Long before my Cabinet Office appointment, I have held numerous discussions and debates in private study groups on the various issues revolving around implementing EBPM. Continuing the discourse as Minister, as of October of last year, I started holding meetings for the Research Seminar on Economic Statistics and Various EBPM Needs with Professor Yoshiro Miwa as the chairman. Currently in its tenth round, experts debate and offer erudite advice on industrial structures, measurements of productivity in statistics, policymakers’ needs moving forward, mechanisms of economic statistics reform, how to establish an EBPM system, and other key issues.

 

 

 

 

Establishing the Council for the Promotion of Fundamental Reform of Economic Statistics

              At the tail end of last year on December 21st, I was honored to have the Council on Economic and Fiscal Policy (chaired by PM Shinzo Abe) heed my humble advice and include within the Basic Policy for the Fundamental Reform of Economic Statistics, the creation of the Council for the Promotion of Fundamental Reform of Economic Statistics.  The council will thoroughly deliberate and provide precise guidelines on: 1) how to prepare for the implementation of an EBPM system which appropriately utilizes sophisticated statistics; 2) reevaluating and expanding the criteria of how industries and goods are categorized in a manner that places production at the center of GDP statistics; 3) improving methods of economic statistics and the accuracy of GDP statistics; 4) reconstructing a user-friendly statistics system; and 5) how to tackle structural issues such as analyzing budget and personnel needs, the obtaining and training of personnel, and streamlining operations. Through these, we are confident in finding concrete reform measures that can create one unified statistics system in our country. So that the government can push for this in solidarity, we drew upon experts including the president of the Bank of Japan, university professors, and cabinet ministers such as myself, all led by Chief Cabinet Secretary Suga as the chairman. Although this is the first time a large scale cabinet meeting has been arranged for reforming statistics, we successfully held our first gathering on February 3rd. As we work towards raising trust levels in government statistics and laying out the framework of our policies by summer, I look forward to continuing my efforts with vested ministers and policy experts.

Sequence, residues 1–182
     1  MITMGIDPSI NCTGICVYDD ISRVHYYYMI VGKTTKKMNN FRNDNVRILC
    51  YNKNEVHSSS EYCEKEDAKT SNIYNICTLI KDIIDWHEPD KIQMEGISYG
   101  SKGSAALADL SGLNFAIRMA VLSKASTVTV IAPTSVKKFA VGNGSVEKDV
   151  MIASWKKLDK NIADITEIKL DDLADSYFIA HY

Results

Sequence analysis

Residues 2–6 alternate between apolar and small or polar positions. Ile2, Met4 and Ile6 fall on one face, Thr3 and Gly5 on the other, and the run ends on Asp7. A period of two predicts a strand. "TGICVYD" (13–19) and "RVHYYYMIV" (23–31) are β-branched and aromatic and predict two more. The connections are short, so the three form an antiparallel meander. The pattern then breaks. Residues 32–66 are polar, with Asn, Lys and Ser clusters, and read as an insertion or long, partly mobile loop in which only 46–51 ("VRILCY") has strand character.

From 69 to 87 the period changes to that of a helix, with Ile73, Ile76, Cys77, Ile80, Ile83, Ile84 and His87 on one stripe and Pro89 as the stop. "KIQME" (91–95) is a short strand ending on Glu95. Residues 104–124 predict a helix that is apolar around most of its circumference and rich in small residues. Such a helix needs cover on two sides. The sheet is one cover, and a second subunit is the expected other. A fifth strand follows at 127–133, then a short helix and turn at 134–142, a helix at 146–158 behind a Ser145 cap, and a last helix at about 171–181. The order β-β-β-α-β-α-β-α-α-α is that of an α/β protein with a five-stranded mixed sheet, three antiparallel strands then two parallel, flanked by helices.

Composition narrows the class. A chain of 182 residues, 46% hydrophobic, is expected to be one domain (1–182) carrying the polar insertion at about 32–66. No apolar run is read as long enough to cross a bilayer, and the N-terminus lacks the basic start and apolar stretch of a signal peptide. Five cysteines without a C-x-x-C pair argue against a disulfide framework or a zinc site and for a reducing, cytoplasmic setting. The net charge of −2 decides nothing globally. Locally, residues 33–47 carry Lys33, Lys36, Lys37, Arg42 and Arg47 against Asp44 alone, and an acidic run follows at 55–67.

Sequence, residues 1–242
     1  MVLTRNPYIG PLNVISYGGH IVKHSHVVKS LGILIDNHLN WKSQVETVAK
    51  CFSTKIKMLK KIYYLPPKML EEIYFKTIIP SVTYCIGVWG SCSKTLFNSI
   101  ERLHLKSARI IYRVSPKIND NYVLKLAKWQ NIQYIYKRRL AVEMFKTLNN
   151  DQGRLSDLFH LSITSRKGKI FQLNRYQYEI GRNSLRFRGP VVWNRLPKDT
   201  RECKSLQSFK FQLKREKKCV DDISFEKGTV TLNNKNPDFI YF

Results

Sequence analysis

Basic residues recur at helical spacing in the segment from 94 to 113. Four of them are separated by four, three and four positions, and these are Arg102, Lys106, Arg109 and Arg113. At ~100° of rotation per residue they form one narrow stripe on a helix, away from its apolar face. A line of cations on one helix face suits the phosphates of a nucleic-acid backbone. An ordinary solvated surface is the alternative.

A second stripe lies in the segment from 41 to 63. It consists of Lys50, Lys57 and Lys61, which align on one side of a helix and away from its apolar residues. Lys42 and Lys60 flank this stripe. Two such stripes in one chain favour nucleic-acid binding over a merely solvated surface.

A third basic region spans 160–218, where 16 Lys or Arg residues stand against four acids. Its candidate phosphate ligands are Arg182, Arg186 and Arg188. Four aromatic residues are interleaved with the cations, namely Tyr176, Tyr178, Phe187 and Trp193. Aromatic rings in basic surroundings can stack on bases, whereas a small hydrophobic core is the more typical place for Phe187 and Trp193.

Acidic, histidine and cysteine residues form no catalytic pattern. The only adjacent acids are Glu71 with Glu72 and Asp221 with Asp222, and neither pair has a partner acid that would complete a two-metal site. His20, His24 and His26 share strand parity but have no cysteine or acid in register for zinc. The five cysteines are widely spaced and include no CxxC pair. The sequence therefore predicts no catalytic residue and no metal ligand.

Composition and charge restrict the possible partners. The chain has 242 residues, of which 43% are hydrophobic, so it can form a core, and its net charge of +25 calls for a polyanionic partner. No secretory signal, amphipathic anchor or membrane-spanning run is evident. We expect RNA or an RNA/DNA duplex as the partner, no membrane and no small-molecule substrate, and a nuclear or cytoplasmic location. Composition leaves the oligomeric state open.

Economic Growth through Regulatory Reform and

National Strategic Special Zones

By tapping into dormant demand, regulatory reform will be a pillar of economic growth, safely restructuring our economic system as one of the first key steps in reviving Japan. Starting in August with my ministerial appointment, I have placed Professor Hiroko Ota (from the National Graduate Institute for Policy Studies) as the chair of the Regulatory Reform Promotion Council, and sparked open debates in working groups with divisions including medical treatment and caregiving, investment, agriculture, and human resources. In order to fulfill the Implementation Plan for Regulatory Reform cabinet decision of June 2016 and implement further required reforms, I would like to give my all to these projects.

As for the national strategic special zones, we are well on the road to testing the six main pillars of regulatory reform by FY2018 during this designated “intensive period,” and studying which other areas could benefit from precise reforms in the twelve strategic regions.

In November of last year, I had the privilege of test-riding the first autonomous bus on a public road in Senboku City of Akita Prefecture. I proudly witnessed in Imabari City, Aichi Prefecture, private businesses taking on the construction of roadside stations, and for the first time in 52 years in Japan (and the first in Shikoku Province), the founding of a Department of Veterinary Medicine. I beheld a new business approval of land ownership in the special agricultural economic zone in Yabu City of Hyogo Prefecture. There are countless thrilling and innovative new saplings of hope that we must encourage and nurture in this country. As the first minister in charge of both regulatory reform and national strategic special zones, I hope to push these as two wheels of an axle to the best of my abilities. One will lead to investors from around the world noticing the new regulatory changes, praising Japan as an environment amiable to international business, while the other in synthesis corroborates the achievements of Abenomic policies around the country. If Japan, and especially the bountiful rural areas of our country, are to not only survive but prosper in this new era, it is imperative that we improve production and raise income levels in the countryside – I believe that our endeavors such as regulatory reform are crucial components of these undertakings. There may be opposition from entrenched factions, but I will rise to this challenge with everything I have.